Spinal Injury Claims
A spinal cord injury (SCI) is damage caused to the spinal cord from trauma which can result in lack of function, mobility and/or feeling in certain parts of the body. Spinal injuries are often serious conditions which have long term implications that not only directly affects the sufferer but also those close to them. The effects on each individual can be varied and will depend on the severity of the injury.
Up to 1200 spinal injuries occur every year in the UK and it is estimated that there are approximately 40,000 people managing the effects of a spinal injury. According to statistics, those deemed most at risk are people aged between 15 and 25. Medical advances coupled with patient management at the scene of an injury mean survival rates have improved however, injuries still often result in permanent paralysis requiring the need for a wheelchair on a full time basis and very often meaning a return to work is not an option.
Types of paralysis
Paraplegia is when a person’s lower limbs are paralysed as a result of a spinal cord injury and Quadriplegia (or Tetraplegia) is when all four limbs are affected. ‘Complete’ injuries is a description used for when total loss of sensation and movement occur below the level of the injury and ‘incomplete’ injuries is a term used when there is partial loss; these can vary greatly with no two cases identical. When outlining the specific type of paralysis medical experts will often use the following terms:
- Quadriplegia, incomplete
- Paraplegia, complete
- Paraplegia, incomplete
- Quadriplegia, complete
The majority of spinal injuries result from a broken neck or broken back which causes damage to the spinal cord inside the spinal column. This type of injury is more commonly referred to as a ‘traumatic’ spinal cord injury. traumatic Spinal cord injuries account for the majority of SCI’s.
Common Causes of Traumatic Spinal Cord Injury And Spinal Injury Claims
- Road traffic accidents remain the major cause of traumatic spinal cord injury worldwide. There is a diverse number of ways a road traffic accident can cause a spinal injury, with one of the primary causes being whiplash in a vehicle collision.
- Motorbikes travel at high speed and when they collide with large moving objects like trucks or coaches, this can result in different parts of the spine being damaged. For example, the lumbar spine area (the lower part of the spine) can suffer acute damage if seriously jolted.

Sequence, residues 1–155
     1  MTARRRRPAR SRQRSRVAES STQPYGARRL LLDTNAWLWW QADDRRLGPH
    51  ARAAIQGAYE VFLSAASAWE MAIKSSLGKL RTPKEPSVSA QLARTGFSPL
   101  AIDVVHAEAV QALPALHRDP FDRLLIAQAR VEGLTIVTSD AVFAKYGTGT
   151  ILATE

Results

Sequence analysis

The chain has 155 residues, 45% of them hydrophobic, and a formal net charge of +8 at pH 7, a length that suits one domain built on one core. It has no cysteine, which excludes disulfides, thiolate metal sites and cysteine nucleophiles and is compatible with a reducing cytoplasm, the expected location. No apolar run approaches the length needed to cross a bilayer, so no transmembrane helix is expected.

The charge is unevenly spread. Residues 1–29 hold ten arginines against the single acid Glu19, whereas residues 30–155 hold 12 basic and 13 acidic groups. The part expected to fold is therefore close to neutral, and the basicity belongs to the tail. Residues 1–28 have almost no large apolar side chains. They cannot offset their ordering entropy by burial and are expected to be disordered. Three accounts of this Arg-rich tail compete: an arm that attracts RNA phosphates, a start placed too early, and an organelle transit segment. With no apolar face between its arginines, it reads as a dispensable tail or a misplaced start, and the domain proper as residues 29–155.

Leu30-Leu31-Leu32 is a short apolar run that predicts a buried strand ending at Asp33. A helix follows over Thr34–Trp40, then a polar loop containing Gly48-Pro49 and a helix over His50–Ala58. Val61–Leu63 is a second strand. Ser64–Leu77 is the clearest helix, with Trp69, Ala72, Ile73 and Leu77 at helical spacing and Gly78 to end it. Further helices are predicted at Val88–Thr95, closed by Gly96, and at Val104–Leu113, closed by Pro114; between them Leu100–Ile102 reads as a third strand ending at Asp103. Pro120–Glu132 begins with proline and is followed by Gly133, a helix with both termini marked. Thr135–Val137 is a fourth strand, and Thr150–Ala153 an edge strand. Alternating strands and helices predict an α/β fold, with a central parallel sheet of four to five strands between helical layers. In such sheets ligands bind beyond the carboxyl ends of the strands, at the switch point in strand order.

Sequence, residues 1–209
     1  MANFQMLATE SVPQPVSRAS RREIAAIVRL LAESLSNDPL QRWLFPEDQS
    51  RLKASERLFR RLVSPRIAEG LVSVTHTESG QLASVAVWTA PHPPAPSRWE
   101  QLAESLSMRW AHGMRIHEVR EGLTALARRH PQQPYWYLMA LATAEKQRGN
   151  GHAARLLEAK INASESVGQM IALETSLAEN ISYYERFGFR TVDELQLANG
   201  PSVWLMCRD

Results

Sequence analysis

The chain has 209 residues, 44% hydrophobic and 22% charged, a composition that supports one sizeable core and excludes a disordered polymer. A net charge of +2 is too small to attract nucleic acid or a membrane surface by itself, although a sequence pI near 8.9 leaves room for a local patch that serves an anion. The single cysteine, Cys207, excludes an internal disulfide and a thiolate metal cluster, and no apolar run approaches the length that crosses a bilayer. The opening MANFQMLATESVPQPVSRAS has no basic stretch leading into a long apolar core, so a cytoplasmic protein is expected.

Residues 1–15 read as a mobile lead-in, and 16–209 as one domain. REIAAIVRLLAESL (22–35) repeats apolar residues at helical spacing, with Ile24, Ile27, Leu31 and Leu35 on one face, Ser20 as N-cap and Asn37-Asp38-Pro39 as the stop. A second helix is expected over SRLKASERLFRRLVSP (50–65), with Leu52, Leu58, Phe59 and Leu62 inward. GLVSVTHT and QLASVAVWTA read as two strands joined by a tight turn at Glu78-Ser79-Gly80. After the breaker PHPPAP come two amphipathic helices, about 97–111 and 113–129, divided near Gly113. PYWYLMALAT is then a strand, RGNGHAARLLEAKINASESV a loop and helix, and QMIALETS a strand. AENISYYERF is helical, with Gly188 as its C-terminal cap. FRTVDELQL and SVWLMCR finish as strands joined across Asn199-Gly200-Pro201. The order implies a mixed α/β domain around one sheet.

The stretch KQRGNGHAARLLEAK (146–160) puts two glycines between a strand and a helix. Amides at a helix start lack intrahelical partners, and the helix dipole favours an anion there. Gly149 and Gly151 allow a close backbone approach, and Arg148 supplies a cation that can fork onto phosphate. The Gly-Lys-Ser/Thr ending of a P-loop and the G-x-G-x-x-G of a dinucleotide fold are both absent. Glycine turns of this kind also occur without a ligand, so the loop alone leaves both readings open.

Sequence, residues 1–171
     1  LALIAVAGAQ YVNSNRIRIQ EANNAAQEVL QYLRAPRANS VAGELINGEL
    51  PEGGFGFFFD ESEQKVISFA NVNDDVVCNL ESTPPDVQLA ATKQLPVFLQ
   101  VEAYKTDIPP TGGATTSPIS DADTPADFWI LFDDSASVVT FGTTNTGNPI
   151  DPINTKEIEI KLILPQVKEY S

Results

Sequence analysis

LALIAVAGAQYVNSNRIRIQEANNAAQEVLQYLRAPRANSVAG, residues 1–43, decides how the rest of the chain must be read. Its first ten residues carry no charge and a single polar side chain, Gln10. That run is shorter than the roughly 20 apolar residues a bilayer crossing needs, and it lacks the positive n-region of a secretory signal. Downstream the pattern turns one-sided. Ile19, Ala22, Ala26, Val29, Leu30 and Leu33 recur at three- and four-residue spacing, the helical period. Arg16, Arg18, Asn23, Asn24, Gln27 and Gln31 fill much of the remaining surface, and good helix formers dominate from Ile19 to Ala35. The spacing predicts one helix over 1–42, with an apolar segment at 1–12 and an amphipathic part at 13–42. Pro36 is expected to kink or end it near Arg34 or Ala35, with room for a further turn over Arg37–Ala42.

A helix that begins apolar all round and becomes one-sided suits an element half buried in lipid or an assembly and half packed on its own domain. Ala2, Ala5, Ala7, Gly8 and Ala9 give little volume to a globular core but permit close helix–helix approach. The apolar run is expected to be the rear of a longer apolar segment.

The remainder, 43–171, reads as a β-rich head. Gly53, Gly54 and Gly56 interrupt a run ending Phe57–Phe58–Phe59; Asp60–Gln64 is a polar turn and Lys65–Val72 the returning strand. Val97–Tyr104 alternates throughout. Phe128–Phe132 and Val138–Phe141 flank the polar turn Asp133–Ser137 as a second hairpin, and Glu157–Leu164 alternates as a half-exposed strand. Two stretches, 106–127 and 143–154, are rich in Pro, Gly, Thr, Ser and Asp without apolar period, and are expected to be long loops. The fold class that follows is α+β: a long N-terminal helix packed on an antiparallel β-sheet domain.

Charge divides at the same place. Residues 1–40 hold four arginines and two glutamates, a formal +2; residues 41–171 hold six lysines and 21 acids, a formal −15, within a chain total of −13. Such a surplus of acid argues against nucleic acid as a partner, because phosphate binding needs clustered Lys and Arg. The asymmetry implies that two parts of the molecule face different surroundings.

- Sporting injuries also contribute to the figures with over 92 % of sporting spinal cord injury ending in Quadriplegia. Common sports in which this type of injury occurs are rugby, horse riding, diving (the most common), skiing, wrestling and surfing.
- Work place accidents – if your job requires a high level of physical activity then you are more at risk than others. Cracked vertebrae or slipped discs often occur in this type of working environment.
- Falling or tripping accidents can also end in spinal injury, particularly in the elderly.
- Medical/ clinical negligence spinal injuries are also not unheard of. Mistakes during operations can occur whether the procedure is routine or not and may give cause to claim compensation through spinal injury claims.
In addition to traumatic spinal cord injuries there is also the non-traumatic spinal cord injury. This happens in the following instances:
- Interruption of blood supply to the spinal cord
- Spinal Nerve infection
- Pressure on the spinal cord because of cysts or tumours
- Congenital medical conditions affecting the make-up of the spinal cord
Compensation for Spinal Cord Injuries and Spinal Injury Claims
The level of compensation to which you may be entitled will depend on the nature and severity of the spinal injury suffered. Generally, the amount of compensation for this type of personal injury is at the higher end of the scale because of the seriousness of the injury and the likelihood of serious long-term implications and costs, e.g. on-going rehabilitation or house modifications. Other complications can also arise as a result of this type of injury including problems caused to the function of the bladder, bowel or sexual performance and these will increase the level of compensation.
Any compensation rewarded should mirror (as much as is possible) the level of distress and affliction endured and any future losses likely, e.g. adaptation of a home, transport costs and lack of earnings.
Our understanding and experienced team aim to get you as much compensation as possible but we also appreciate the often difficult and differing circumstances a spinal cord injury claim can bring. We will do our utmost to assist you where needed, whether that be giving details of specific related charities and support groups or pointing you in the right direction for benefits advice.
It is advisable that you make your claim with us at the earliest opportunity to increase the chance of a positive outcome for your spinal injury claim.